From Religion to Real Estate
My colleague Larry Iannaccone is not just the world’s expert on the economics of religion. He’s also got some intriguing views on real estate.
Cars have been mass produced on assembly lines for a long time, and the cost savings over one-at-a-time craftsmanship are considerable. But if you take a look at residential construction, we have yet to reach the age of mass production. Homes today are still usually “stick-built” on site, though admittedly many components are mass-produced in a factory. Why haven’t we switched to low-cost, high-quality modular construction? (For more info, see here).
Larry’s speculation is that local building codes are to blame. It is hard to mass produce a product when you face a patchwork quilt of regulations. His idea immediately struck home with me, because my friend in the insurance business regularly laments the costs associated with divergent state-level regulation. If 51 sets of regulation are a burden, thousands could be crippling.
But what about trailer parks? How have they thrived? The Apex Homes website succinctly explains the relevant regulatory minutiae:
I get confused when I see the terms “manufactured home” and “modular home.” What’s the difference?
“Manufactured homes,” often referred to as mobile homes or trailers, represent an entirely different type of building system than modular homes and are constructed to a different building standard. This standard, the Federal Construction Safety Standards Act (HUD/CODE), unlike conventional building codes, requires manufactured homes to be constructed on a non-removable steel chassis. Many communities have placed restrictions on where manufactured homes may be located.
Unlike manufactured homes, however, modular homes are constructed to the building codes required by your state, county, and specific locality and are not restricted by building or zoning regulations. Modular homes are inspected during every phase of construction, and evidence of this inspection is normally indicated by a State or inspection agency label of approval.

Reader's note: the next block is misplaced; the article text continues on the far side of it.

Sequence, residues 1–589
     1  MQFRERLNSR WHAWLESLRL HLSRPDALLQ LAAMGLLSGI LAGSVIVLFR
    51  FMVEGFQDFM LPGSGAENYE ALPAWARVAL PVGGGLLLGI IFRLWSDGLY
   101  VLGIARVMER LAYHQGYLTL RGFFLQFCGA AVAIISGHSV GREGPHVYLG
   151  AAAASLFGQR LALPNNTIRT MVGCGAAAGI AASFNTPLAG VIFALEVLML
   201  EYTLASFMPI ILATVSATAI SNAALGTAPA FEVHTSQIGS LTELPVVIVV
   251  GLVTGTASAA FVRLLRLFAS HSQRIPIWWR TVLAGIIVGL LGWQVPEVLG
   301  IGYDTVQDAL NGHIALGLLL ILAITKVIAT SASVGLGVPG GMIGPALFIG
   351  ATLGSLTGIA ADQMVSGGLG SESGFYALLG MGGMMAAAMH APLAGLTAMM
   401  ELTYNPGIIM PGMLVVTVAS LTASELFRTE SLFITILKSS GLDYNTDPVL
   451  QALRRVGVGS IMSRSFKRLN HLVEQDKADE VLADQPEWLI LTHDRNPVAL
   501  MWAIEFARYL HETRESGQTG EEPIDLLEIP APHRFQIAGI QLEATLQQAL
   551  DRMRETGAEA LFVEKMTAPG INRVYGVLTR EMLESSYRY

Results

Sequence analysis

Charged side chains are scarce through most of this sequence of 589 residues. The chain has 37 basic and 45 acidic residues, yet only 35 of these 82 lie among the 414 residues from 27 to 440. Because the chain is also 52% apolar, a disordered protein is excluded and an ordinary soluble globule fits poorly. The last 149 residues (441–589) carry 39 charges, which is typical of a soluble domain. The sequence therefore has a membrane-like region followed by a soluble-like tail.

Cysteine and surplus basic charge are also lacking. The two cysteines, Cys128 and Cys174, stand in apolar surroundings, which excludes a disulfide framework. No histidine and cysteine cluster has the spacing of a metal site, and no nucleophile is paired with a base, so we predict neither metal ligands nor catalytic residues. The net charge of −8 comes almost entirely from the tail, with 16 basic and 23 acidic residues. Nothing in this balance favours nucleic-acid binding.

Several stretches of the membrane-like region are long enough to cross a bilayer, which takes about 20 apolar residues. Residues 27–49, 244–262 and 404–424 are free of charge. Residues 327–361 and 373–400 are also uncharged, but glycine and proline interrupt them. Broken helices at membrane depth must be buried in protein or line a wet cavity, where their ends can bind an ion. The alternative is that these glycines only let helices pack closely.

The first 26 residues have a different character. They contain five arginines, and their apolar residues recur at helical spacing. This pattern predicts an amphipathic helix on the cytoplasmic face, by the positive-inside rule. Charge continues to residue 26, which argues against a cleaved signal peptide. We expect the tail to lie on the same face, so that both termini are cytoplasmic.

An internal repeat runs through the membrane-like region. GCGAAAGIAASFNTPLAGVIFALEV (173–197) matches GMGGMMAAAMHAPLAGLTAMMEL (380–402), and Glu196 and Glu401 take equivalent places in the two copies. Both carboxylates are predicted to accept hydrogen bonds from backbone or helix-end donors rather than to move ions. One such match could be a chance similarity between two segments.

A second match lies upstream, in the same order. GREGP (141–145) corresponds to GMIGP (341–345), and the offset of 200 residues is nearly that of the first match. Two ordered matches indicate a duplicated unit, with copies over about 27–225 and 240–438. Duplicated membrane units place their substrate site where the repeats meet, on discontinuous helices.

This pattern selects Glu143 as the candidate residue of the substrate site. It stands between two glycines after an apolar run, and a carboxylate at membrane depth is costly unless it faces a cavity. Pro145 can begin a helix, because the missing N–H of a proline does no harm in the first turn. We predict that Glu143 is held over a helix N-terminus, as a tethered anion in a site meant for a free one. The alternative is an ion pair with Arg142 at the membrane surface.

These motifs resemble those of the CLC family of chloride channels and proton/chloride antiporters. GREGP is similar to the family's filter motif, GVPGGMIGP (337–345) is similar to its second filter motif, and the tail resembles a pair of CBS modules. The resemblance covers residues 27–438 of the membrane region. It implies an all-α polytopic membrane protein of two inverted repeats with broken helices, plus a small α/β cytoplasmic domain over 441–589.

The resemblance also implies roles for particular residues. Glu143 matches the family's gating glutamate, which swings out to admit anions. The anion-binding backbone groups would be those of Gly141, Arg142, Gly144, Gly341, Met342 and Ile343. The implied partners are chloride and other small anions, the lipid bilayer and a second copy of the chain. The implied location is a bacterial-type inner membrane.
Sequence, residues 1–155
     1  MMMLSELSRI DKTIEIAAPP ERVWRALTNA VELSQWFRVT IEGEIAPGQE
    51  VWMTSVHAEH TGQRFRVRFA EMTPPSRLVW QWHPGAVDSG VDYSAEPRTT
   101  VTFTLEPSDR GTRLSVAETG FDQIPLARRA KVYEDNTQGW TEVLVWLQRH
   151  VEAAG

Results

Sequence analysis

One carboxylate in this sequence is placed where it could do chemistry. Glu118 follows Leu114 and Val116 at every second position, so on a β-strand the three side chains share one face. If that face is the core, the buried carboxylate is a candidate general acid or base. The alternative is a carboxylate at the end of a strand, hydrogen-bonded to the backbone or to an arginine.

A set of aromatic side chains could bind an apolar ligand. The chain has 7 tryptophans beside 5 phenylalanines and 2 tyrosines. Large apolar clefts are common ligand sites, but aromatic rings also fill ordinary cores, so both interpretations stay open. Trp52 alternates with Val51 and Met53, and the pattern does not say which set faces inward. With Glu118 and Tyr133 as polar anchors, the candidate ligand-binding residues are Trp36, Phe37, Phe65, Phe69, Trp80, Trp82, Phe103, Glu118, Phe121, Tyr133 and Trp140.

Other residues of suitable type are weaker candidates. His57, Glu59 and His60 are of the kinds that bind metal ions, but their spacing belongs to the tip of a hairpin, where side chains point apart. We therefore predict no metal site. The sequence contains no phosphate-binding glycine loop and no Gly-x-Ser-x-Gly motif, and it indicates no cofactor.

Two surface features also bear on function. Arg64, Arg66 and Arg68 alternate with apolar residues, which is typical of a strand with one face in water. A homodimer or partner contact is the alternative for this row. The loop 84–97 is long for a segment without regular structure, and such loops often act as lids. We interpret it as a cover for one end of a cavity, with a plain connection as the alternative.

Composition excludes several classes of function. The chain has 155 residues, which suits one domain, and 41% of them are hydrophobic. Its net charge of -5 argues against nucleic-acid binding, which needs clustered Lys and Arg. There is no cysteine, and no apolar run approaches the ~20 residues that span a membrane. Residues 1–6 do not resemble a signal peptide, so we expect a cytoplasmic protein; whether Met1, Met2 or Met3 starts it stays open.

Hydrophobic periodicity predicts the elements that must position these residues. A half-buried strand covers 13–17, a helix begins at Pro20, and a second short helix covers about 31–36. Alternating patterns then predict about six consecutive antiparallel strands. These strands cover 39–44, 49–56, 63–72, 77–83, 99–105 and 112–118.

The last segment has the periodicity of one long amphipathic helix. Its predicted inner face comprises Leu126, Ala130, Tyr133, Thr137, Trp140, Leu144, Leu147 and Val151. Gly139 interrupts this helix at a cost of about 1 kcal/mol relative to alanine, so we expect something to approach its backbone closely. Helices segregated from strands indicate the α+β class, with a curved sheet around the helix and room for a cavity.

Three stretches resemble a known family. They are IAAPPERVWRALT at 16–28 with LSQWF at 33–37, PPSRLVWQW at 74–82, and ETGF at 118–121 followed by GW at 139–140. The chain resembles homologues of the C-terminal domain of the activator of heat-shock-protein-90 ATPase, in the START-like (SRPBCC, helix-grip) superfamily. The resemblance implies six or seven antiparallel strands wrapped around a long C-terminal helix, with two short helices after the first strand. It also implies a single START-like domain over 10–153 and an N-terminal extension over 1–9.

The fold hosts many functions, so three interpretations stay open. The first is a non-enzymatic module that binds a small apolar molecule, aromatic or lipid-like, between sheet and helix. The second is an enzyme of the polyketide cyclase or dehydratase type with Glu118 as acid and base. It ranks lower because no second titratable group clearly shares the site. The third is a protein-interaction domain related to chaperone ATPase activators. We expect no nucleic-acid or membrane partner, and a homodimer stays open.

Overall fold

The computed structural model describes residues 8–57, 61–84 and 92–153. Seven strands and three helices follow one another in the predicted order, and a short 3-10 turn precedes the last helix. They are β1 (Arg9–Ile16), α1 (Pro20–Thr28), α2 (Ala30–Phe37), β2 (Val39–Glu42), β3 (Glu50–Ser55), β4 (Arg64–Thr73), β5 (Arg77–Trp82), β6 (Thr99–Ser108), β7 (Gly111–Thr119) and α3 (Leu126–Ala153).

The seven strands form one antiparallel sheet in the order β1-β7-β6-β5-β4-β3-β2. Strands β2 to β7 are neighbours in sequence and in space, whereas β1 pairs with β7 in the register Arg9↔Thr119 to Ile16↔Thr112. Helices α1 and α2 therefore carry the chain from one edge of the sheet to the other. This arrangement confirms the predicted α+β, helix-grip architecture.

Is this consistent with Larry’s story? Maybe. Perhaps manufactured homes have thrived because the industry faces a uniform building code. And maybe modular homes would be a lot cheaper if they did not have to be tailored to local building codes.
On the other hand, if the problem were really analogous to state regulation of insurance, I’d expect there to be some “redlining” – localities or states that modular home makers do not serve because their regulations are unusually onerous. And at least my initial study does not confirm this. Halliday Homes lists the main drawbacks of modular construction:
Severely limited flexibility in terms of floor plan and design options Cannot be built in many locations, such as treed properties or waterfronts, because wide road access is required The trucks and cranes required to ship and assemble the home are costly and may be subject to permits and restrictions Modular homes may not be allowed in many residential developments Costs may be difficult to control because you are not able to choose the labour
Notice that redlining or delays due to building code variation do not make the list.
So is Larry barking up the wrong tree? Or are the most knowledgeable minds in the construction industry busy building houses, not speculating about how the effects of drastic regulatory changes that aren’t likely to happen?